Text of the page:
Arnold himself is a “true believer”, driving the urban concept i3 before he moved to BMW i in June 2016.

“As soon as you have tried it, you will never step back to an internal combustion engine car,” he says. “It is a special kind of magic, the acceleration and the silence. There will always be some who don’t enjoy the silence, but I have found it easy to convince people.”

For the time being, at least in a global-scale automotive sense, Arnold finds himself in a small minority of electric car enthusiasts - in 2016, less than 1% of new registrations were for electric cars. However, several national markets are emerging strongly, markets which BMW i has enjoyed considerable success in.

Norway and the Netherlands are particularly fruitful examples, countries that Arnold refers to as rockstars. In terms of volume of models sold, the USA is perhaps unsurprisingly the company’s largest buyer. More surprising is the fact that Malaysia accounts for the fifth-largest number of BMW i sales. 

While some markets embrace electric with greater enthusiasm than others, Arnold expects the next 10 to 15 years to be something of a transition phase while manufacturers develop electric solutions to cater for all needs.

“We started with the i3 and an urban mobility concept, which suited the technology available,” he explains. “Obviously, this will not meet the needs of every driver, but in many urban areas where the daily commute is not too far, it is a perfect solution. Now we are offering more than 200km on the i3, and we have plug-in hybrids for those needing to drive longer journeys.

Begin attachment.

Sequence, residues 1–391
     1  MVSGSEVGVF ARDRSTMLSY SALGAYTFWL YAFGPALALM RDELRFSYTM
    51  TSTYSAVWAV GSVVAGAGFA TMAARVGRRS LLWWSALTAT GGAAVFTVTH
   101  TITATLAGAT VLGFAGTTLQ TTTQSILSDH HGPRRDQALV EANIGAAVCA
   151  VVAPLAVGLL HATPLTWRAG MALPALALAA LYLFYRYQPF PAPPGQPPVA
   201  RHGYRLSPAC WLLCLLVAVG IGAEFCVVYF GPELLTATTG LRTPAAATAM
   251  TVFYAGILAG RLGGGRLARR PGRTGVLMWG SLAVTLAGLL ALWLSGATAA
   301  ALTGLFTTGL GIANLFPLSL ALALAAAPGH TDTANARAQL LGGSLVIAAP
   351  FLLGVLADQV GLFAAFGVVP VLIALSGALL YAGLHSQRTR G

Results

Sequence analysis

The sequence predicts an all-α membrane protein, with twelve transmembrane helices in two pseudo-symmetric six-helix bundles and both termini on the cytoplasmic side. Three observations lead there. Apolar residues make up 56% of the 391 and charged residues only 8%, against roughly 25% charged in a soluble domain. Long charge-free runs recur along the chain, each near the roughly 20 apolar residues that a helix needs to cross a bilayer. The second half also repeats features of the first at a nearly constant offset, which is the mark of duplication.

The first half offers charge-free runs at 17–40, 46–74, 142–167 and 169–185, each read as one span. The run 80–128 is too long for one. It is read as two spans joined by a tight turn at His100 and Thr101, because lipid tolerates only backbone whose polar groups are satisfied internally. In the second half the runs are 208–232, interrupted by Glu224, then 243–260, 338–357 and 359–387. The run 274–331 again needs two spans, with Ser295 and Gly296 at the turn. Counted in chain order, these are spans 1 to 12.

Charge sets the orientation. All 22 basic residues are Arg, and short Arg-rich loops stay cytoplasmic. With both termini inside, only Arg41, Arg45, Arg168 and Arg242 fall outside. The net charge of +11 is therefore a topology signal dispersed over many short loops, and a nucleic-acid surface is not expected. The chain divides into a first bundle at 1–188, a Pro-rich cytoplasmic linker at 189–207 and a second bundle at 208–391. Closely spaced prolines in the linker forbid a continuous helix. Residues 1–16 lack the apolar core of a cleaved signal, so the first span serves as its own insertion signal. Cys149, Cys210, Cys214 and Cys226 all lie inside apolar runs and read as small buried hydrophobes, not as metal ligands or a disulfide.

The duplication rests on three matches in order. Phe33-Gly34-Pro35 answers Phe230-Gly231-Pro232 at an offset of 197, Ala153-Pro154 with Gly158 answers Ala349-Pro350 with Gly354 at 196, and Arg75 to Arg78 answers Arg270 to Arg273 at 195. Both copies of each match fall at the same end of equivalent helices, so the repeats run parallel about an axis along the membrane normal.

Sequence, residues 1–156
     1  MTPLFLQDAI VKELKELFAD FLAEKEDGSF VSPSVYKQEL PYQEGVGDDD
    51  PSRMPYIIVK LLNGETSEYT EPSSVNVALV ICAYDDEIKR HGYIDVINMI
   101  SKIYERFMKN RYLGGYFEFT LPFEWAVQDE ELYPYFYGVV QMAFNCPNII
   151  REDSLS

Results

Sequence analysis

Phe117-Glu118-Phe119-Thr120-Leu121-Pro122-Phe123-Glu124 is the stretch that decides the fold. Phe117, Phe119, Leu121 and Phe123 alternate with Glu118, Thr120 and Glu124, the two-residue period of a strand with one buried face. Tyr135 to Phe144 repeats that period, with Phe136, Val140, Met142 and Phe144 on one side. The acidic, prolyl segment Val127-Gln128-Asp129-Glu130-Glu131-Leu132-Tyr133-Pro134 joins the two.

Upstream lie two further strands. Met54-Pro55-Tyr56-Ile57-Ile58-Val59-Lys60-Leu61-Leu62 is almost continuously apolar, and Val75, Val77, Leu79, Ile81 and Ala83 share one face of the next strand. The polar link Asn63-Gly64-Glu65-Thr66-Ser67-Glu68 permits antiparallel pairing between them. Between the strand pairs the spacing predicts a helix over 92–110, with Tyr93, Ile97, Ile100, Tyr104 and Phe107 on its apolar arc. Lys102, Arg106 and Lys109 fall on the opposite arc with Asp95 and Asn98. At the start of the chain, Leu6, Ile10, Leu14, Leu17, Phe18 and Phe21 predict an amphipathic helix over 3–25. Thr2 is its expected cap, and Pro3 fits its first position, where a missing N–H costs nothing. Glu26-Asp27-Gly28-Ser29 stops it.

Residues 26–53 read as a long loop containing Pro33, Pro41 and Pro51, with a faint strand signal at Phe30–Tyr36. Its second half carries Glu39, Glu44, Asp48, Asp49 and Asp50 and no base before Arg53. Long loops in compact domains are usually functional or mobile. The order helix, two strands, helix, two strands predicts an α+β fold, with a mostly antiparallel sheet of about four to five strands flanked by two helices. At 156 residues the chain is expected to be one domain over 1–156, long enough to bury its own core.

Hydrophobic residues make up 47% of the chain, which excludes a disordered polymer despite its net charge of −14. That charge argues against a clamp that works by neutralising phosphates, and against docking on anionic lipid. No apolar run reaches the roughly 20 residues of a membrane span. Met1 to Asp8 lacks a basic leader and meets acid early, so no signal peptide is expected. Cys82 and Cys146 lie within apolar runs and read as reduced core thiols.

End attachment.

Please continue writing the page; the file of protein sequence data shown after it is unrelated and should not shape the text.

“Battery technology is developing pretty fast and we are now able to fit bigger batteries to bigger cars and offer longer ranges, but I don’t think we will completely replace combustion engines for at least another 20 to 30 years.”

The infrastructure challenge

The single-largest barrier to overcome is undoubtedly the installation of adequate charging infrastructure. Entire new ecosystems of charging stations, parking and highways will need building if the mass market consumer is to be swayed, work which requires collaboration between numerous parties from auto manufacturers and governments to energy firms and construction businesses.

Arnold cites Amsterdam and Oslo as pioneering examples to follow, with both cities housing a lot of charging points that remove any range anxieties people living there might have. “A battery with a range of 200km is not a problem here as you can charge pretty much wherever you want – at the office, at home, at the shop, even at the opera,” he adds.